The posts about Android's overwhelming marketshare miss the greater story that Tim Cook tried to highlight during the iPhone 5S launch around about usage versus unit volume. We used to live this at HP, and especially in the printer buisness where most of the economics were not in the "placement of the socket" but instead in the number of pages printed after the "install" (and therefore the amount of ink consumed). It is why HP smoked Lexmark and has held the lion's share of the economics despite pressure from Epson and Canon in inkjet printing. Whereas analysts worry about socket marketshare as a leading indicator, the real battle is in utilization.
Today we are hardly at the same place with mobile platform ecosystems because most of the gross margin is being made up front with the sale of the devices (well at least for Apple and Samsung) and with a complex value chain that relies on carrier subsidies in a lot of their core markets. But increasingly as it becomes harder to differentiate on hardware alone and software/user experience takes front stage, the bulk of the economics will shift to the services. Most people think of this shift as represented by the paid downloads in the AppStore and Market respectively but I don't believe that this is durable over time (as this blog post) argues and will shift to in-app payments and services that make recurring gross margin completely outside of the app stores but totally enabled by the mobile platform.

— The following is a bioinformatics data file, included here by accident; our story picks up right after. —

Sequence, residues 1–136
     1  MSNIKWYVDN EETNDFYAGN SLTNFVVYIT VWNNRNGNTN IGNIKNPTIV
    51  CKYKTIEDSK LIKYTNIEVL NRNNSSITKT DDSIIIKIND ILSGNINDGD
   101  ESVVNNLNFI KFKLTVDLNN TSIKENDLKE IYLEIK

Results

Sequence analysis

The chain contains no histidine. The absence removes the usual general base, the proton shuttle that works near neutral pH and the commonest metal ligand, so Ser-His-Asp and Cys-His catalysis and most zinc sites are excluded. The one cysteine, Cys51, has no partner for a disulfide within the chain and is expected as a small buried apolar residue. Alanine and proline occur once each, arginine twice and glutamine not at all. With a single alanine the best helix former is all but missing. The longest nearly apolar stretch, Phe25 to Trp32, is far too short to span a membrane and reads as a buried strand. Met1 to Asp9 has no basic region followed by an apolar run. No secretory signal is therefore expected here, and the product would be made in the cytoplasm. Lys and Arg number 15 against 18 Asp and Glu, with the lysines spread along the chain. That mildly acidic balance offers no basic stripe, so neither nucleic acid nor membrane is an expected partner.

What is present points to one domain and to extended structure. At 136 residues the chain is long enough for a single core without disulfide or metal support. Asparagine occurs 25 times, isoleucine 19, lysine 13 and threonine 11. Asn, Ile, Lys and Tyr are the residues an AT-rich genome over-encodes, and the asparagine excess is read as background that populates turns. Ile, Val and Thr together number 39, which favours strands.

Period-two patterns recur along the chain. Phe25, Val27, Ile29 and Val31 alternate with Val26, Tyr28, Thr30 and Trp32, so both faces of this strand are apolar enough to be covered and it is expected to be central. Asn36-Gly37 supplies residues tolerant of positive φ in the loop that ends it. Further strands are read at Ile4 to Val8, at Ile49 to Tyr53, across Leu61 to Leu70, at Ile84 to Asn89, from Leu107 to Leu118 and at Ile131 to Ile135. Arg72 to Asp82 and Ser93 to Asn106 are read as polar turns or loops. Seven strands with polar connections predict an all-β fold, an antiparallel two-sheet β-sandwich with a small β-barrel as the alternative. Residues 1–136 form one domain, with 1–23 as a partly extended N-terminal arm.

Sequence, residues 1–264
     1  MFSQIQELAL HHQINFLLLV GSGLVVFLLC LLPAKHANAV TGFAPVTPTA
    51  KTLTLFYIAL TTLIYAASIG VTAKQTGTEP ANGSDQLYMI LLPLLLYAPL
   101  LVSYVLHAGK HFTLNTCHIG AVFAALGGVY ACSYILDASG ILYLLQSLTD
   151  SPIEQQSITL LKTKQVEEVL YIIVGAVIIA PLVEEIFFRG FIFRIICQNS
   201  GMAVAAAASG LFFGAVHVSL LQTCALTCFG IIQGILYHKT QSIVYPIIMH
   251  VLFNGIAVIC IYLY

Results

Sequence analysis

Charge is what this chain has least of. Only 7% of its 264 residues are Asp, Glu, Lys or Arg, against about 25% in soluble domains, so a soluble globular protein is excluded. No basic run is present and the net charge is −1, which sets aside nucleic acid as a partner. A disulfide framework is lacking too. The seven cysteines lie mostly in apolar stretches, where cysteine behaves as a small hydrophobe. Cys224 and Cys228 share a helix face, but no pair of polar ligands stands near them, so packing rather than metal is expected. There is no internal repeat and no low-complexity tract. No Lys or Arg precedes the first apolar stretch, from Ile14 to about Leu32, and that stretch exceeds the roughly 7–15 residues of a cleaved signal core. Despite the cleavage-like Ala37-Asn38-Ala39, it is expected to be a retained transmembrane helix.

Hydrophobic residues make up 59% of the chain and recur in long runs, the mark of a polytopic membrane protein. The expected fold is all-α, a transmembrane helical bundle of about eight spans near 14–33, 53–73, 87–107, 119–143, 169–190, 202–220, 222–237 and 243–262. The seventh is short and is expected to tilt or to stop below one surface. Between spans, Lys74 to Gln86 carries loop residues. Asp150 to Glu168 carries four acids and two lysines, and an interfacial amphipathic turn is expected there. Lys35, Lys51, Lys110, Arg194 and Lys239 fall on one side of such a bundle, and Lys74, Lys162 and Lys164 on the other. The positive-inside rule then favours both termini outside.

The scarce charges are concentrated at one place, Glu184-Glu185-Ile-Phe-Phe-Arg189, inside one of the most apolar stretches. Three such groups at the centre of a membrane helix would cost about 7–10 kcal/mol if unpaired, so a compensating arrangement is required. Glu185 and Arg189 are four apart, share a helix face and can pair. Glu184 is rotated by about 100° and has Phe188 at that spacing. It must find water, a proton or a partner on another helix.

Just like the momentum story for app developers is going to shift from app install to app engagement over the next couple of years, the momentum story for the platform owners is going to shift from installed base to usage in a way that may expose some fairly naked swimmers in the receeding tide of large numbers.